Unfortunately, the commercial interest in keeping underlying equipment coupled to their associated surface markers can run counter to environmental interest. In particular, it is known that whales, such as the endangered right whale, come in contact with man-made components of the type described, occasionally with undesired outcomes. Under the 1995 Marine Mammal Protection Act, legislation was enacted to mandate that there would be no right whale deaths occurring from interaction with commercial fishing equipment. Contemplated steps for achieving that goal have included the closure of important fishing areas for extended periods of time as well as unspecified significant modifications to fishing equipment. Either option would adversely impact the commercial fishing industry, without certainty of solution to the problem. That is, the mechanism of whale entanglement with fishing equipment is unclear and therefore the existing proposed solutions may not achieve the desired goal.
It is believed that the whales may become entangled in buoy lines and nets and lines within the ocean by the following process. First, when they encounter such underwater obstacles, they may move in the direction of the obstacle, such as upward along a lobster trap rope. The force of the whale's efforts pulls the buoy underwater until such time as it is captured in the whale's baleen, against a flipper, or against some other body part. As the whale moves, pulling the entire connected underwater structure with it, it likely thrashes about, becoming further entangled. This entanglement may trap the whale underwater where it drowns.
Therefore, what is needed is a connection device that may be used to couple together one or more underwater structures and their associated connectors with one or more floating markers. Also, what is needed is such a connection device having sufficient strength to complete the connection noted and to maintain that connection under expected use conditions. Further, what is needed is such a connection device that is designed to prevent entanglement of the structure, the marker, and the connector with marine animals such as whales.
In view of the foregoing, it is an object of the present invention to provide a connection device that may be used to couple together one or more underwater structures and their associated connectors with one or more floating markers. It is also an object of the present invention to provide such a connection device having sufficient strength to complete the connection noted and to maintain that connection under expected use conditions. It is another object of the present invention to provide such a connection device that is designed to prevent entanglement of the structure, the marker, and the connector with marine animals such as whales.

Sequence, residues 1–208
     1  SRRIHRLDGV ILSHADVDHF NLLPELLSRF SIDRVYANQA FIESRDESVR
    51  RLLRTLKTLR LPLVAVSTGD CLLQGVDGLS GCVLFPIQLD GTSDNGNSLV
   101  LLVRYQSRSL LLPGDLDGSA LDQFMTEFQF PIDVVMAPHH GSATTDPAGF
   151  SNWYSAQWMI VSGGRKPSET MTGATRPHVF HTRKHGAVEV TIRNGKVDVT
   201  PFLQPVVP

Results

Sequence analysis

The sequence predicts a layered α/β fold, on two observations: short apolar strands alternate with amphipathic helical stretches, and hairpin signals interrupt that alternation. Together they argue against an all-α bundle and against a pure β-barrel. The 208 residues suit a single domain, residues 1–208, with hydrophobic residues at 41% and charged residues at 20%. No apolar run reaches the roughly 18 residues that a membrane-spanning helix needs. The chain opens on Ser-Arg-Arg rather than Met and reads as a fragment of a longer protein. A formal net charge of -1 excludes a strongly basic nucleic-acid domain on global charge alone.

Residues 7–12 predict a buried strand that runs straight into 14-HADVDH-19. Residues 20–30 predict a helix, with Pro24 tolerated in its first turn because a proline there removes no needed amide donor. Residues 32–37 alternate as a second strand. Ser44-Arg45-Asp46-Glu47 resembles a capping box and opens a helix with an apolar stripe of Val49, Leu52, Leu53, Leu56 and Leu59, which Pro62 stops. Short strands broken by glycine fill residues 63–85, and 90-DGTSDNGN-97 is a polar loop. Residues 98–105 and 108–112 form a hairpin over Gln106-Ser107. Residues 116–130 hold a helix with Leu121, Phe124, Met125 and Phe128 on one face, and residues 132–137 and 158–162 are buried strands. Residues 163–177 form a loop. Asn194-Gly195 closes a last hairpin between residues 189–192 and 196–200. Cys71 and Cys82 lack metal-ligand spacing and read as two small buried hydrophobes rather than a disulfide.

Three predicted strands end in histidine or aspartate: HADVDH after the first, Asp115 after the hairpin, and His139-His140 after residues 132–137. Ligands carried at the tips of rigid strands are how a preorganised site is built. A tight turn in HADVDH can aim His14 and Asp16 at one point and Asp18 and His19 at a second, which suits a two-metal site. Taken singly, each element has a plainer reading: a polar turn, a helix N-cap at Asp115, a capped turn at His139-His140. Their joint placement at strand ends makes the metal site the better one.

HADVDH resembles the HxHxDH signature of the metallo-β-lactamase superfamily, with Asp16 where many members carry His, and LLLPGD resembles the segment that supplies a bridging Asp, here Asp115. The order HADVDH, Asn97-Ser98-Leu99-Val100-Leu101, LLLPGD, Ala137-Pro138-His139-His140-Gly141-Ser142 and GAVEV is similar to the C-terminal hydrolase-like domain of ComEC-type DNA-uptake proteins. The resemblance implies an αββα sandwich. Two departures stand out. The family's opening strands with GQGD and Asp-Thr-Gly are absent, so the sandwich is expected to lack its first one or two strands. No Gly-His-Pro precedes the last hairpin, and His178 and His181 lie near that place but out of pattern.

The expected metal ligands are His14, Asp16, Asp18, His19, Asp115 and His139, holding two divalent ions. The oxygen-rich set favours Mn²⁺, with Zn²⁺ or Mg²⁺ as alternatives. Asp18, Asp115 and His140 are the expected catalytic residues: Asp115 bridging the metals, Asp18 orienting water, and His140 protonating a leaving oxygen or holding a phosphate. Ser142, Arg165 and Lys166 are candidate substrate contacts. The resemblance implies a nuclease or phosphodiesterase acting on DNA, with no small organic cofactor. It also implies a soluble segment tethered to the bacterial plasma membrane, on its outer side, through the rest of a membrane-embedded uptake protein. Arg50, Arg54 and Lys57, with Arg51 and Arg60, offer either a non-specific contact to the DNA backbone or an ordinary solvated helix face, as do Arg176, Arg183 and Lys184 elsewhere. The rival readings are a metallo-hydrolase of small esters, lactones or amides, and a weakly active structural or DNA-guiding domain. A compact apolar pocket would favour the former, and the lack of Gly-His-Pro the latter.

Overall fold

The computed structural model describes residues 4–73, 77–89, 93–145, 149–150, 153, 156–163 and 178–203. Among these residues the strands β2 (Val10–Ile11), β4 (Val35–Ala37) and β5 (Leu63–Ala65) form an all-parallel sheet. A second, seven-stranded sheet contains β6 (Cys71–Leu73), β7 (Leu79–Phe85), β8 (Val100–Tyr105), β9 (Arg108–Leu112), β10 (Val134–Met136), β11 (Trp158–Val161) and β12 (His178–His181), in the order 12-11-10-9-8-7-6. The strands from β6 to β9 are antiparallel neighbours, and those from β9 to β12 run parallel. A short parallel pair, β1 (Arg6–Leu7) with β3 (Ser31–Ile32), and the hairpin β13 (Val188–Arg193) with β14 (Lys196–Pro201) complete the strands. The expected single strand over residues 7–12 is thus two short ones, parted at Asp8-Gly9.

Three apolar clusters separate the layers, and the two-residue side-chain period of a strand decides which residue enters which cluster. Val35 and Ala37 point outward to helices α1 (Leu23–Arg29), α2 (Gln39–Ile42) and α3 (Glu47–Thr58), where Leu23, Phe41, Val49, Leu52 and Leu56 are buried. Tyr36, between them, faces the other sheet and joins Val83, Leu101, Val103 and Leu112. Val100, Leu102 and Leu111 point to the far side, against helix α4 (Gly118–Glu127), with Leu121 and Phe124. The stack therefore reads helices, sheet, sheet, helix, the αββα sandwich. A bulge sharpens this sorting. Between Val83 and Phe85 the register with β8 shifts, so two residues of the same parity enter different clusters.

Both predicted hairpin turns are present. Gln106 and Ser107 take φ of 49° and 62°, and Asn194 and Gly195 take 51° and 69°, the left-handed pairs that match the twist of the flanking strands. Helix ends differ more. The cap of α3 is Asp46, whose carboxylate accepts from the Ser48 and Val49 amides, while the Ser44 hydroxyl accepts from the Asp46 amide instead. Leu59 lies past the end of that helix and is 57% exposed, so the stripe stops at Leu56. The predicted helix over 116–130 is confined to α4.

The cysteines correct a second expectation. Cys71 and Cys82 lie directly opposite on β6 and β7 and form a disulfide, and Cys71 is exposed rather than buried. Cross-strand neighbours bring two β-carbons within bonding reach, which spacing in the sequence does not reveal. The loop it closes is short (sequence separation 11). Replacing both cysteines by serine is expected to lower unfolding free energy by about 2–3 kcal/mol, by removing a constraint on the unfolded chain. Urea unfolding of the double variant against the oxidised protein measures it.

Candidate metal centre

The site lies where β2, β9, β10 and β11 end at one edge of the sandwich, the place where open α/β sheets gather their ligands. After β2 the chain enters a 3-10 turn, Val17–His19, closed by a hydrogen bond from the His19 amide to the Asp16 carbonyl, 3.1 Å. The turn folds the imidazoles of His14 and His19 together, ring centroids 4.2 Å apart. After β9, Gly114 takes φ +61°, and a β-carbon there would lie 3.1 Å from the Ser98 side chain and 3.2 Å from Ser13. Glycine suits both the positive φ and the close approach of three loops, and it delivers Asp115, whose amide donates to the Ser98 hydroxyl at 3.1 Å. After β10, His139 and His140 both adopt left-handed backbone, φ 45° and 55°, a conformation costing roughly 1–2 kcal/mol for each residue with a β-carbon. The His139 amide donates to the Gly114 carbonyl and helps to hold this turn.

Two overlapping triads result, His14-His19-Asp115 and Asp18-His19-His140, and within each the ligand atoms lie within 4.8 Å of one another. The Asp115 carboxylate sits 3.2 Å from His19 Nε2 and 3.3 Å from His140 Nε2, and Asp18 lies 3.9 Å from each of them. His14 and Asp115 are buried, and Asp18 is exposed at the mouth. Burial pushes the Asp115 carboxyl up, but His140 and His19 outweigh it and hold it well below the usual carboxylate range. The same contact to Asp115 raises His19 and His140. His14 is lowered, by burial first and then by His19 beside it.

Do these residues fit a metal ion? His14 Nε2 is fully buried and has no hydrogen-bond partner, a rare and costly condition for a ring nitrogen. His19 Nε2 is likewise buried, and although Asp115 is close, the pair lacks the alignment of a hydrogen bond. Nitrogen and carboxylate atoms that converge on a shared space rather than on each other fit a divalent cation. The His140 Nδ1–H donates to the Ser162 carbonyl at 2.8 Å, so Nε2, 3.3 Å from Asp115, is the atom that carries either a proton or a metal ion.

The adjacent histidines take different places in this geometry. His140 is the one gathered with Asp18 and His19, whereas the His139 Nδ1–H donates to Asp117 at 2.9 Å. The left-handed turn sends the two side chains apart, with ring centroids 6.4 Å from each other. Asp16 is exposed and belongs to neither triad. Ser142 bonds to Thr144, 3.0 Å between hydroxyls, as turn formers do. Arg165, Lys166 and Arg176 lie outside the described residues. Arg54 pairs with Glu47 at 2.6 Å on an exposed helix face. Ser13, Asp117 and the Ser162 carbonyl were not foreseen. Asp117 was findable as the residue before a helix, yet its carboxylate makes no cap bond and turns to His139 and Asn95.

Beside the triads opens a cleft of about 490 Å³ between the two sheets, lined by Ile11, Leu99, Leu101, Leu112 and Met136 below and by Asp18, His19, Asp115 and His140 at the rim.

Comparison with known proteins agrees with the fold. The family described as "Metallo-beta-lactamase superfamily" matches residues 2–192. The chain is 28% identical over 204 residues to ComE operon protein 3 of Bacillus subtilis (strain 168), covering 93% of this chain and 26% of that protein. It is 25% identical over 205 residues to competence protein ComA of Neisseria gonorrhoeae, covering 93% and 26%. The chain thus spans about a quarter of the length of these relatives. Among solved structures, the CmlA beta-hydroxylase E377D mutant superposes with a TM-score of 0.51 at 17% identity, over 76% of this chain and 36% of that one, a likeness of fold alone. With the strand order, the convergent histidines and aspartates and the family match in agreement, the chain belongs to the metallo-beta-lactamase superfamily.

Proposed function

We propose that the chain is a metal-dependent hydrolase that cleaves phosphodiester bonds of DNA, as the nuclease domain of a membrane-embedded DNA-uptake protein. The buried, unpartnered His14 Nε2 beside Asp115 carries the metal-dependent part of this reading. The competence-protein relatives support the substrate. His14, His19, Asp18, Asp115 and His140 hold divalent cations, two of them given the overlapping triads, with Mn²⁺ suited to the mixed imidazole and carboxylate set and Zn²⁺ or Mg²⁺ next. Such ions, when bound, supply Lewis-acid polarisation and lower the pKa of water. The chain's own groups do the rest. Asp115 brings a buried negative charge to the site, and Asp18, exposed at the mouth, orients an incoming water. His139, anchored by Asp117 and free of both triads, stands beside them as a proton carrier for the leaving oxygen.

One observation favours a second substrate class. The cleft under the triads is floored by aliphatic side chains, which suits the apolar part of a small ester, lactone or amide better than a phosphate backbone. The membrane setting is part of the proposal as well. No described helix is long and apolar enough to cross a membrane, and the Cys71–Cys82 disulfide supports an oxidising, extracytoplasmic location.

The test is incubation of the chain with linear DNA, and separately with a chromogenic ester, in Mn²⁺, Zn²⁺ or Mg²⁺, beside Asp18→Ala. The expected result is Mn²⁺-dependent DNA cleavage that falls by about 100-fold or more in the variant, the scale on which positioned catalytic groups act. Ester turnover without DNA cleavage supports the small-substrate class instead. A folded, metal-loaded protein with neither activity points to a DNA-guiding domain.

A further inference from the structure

These and other objects are achieved with the present invention, which is a notched coupling wherein the coupling includes a notch or a reduced thickness region. The coupling may be of fixed or swivel configuration. The reduced thickness region is designed to be the primary region in contact with the connector, such as a rope. That region is designed to fail catastrophically under a selectable stress preferably greater than the stress ordinarily experienced by the coupling. For example, if the marker is a buoy, the underwater structure is a lobster trap, and the connector is a nylon rope, the notched coupling is designed with sufficient retaining strength to remain intact when the trap is deployed and when it is hauled into a boat. However, when the rope contacts a mobile underwater body, such as a whale, the strain associated with the movement of that body reaches a level that exceeds the breakpoint of the coupling at the notch. At that time, the coupling breaks at the notch and the buoy is released from the rope and the lobster trap. The coupling may be fabricated of any suitable material including, but not limited to, a plastic such as nylon.